Although this is true, it’s essential to see the good: people are reporting.

They’re also seeking help through individual therapy Scottsdale mental health services. They’re figuring out what type of therapy might work for them and are committed to booking a counseling session.

The USAToday reported, “In 2020, individuals were at home most likely, dealing with grief, loss, isolation, and things that they may have repressed came to light.” Subsequently, people sought individual therapy in Scottsdale and beyond.

This article was based on a CDC report that showed a sharp increase in the number of Americans seeking mental health services post-COVID. 3

How Individual Therapy Can Help

Although millions continue to struggle with issues that require medical and therapeutic assistance, there is help. Research 4 has proven that therapy can help with the following:

  • Reducing the risk of relapse with depressive episodes
  • Decreasing anxiety
  • Identifying negative thought patterns
  • Changing self-destructive behavior

It can also help with developing positive coping mechanisms such as:

  • Relaxation techniques such as meditation
  • Reading and journaling
  • Exercise and play sports
  • Hobbies such as painting, sewing, or cooking
  • Outdoor activities like hiking and fishing
  • Listening to music or playing an instrument
  • Setting goals and obtaining them

These can replace unhealthy coping mechanisms like staying in bed, cutting, excessive spending, and eating too much or too little.

Certain therapies, such as EMDR, can be beneficial for trauma survivors who need help processing trauma stored in the body. The process includes about 12 sessions with a trained psychologist and changes how memories are stored in the brain. This is done by leading the patient through a series of bilateral eye movements as they recall traumatic experiences.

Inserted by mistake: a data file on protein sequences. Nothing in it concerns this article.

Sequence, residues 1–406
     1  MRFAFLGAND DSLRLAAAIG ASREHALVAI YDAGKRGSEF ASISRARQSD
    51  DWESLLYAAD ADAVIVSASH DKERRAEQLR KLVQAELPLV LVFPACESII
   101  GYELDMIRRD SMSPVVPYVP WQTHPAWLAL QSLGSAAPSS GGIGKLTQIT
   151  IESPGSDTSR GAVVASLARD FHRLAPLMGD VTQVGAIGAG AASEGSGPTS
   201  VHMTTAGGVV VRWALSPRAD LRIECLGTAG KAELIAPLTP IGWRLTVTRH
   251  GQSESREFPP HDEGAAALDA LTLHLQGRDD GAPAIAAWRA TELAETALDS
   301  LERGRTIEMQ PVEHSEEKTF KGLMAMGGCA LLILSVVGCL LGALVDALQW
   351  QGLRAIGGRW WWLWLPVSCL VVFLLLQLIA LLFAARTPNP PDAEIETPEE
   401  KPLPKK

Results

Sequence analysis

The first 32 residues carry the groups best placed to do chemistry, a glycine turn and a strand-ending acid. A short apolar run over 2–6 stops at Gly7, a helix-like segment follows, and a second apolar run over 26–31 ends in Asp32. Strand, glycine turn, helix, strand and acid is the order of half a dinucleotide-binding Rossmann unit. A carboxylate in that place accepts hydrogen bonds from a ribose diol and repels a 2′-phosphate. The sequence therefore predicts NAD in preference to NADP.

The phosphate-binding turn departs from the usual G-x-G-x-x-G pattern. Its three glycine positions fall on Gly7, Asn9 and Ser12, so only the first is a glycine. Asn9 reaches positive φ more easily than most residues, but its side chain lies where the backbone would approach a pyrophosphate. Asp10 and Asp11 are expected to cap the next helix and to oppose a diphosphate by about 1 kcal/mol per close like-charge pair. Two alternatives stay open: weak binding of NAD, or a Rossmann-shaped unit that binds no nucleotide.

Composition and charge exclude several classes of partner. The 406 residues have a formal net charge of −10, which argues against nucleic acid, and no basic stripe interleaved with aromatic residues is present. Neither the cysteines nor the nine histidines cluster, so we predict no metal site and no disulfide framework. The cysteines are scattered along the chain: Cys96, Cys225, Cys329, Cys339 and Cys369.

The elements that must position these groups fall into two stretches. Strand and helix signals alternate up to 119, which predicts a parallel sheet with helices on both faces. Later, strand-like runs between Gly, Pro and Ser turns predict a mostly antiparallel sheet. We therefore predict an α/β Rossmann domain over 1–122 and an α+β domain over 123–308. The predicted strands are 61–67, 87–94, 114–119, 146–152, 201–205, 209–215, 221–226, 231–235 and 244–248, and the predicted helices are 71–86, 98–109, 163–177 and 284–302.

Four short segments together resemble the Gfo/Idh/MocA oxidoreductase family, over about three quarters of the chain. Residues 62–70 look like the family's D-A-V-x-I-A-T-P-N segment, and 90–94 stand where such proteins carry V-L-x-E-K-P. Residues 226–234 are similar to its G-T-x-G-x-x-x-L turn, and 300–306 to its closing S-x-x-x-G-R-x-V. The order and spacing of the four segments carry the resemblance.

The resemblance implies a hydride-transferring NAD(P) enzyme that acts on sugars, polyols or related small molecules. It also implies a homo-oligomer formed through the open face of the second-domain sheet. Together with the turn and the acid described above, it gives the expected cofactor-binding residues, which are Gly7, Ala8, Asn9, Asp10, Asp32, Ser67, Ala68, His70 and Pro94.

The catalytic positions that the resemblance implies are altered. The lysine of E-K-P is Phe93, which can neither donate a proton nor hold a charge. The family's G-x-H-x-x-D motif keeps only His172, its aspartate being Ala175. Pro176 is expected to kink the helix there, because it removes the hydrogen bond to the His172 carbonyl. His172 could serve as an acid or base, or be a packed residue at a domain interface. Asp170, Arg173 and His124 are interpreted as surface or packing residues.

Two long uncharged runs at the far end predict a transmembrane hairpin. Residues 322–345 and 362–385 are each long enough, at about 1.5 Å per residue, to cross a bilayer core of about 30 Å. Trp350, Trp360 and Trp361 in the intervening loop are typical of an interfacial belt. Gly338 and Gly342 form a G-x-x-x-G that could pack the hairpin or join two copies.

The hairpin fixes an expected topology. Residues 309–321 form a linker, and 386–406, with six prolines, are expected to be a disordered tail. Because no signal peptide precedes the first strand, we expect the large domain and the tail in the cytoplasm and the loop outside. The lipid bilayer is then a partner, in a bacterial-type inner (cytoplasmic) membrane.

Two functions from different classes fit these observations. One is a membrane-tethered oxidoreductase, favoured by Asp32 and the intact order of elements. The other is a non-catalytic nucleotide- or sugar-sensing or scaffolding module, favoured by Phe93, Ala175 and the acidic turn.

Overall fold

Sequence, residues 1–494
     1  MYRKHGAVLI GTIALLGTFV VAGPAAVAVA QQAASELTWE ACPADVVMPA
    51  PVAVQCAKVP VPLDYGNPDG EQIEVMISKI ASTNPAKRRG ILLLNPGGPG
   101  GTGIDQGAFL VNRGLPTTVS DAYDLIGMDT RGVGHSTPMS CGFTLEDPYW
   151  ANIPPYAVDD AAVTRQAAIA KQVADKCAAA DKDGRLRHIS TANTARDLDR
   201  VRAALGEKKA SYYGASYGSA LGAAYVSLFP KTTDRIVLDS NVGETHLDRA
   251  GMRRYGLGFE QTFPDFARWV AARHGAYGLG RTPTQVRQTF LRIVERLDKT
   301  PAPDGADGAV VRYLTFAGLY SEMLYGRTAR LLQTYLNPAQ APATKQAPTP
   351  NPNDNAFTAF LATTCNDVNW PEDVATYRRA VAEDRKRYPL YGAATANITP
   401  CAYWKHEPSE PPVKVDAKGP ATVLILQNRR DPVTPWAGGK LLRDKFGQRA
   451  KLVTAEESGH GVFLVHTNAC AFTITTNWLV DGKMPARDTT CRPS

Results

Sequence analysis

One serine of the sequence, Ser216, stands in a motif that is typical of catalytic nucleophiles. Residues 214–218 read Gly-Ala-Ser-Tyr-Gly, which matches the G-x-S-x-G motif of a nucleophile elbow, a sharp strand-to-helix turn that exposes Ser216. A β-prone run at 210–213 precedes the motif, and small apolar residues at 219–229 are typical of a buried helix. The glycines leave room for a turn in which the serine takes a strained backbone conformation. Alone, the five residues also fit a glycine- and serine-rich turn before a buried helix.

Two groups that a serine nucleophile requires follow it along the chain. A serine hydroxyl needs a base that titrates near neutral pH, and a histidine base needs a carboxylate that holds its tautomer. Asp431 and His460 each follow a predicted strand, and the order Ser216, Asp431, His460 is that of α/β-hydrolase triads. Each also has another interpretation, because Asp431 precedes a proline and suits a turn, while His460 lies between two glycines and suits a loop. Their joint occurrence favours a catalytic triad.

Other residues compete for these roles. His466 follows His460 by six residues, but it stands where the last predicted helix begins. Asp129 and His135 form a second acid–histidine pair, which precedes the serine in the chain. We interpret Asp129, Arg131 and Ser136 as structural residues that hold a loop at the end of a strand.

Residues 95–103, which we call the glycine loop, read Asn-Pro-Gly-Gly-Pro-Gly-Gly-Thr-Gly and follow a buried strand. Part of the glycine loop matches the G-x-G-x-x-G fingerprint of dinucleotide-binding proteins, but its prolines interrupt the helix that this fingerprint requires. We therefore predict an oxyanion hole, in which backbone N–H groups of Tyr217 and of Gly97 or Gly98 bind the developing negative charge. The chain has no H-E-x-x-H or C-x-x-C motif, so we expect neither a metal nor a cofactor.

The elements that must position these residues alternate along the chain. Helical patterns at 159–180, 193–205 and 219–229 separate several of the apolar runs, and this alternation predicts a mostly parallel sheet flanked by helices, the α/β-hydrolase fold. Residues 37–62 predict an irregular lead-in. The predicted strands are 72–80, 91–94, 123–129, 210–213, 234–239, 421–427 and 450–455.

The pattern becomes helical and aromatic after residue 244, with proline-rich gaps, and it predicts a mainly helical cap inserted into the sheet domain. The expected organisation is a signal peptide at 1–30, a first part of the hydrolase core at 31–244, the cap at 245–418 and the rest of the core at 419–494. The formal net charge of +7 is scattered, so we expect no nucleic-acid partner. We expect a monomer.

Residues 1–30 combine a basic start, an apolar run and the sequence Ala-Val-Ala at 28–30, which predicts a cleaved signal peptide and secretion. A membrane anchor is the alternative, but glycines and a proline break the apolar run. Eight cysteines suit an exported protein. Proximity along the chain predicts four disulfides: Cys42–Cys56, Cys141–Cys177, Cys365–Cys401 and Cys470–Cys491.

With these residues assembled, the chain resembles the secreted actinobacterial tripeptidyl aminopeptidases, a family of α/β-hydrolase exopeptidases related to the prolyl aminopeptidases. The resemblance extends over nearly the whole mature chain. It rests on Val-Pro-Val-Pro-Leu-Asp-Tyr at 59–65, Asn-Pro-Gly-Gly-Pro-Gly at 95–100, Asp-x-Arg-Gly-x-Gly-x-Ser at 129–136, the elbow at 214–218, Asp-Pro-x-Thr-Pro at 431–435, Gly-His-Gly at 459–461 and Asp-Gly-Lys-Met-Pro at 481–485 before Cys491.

The results? Emotional distress can be relieved, some PTSD symptoms can be alleviated, and tension can be reduced in the body.

This was the case for Mary, a sex trafficking survivor who sought EMDR therapy to help her process painful, complex PTSD-related memories. While working with her therapist, Mary could also find relief from specific phobias that were trauma-based as well.

Other treatment options include:

Regarding individual therapy, Scottsdale locations like the Healing Foundations Center provide a safe environment that is a good fit for those seeking counseling. In addition, because Healing Foundations Center specializes in many mental health issues, including personality and trauma-related disorders, they can help people from all walks of life.

If you’re ready to partner with a specialist to improve your own mental health, Contact the Healing Foundations Center to schedule your consultation. Our team is dedicated to individual therapy in Scottsdale, Arizona, and we pride ourselves on helping people overcome mental health challenges and improve their quality of life.






[4] https://www.cdc.gov/nchs/products/databriefs/db444.htm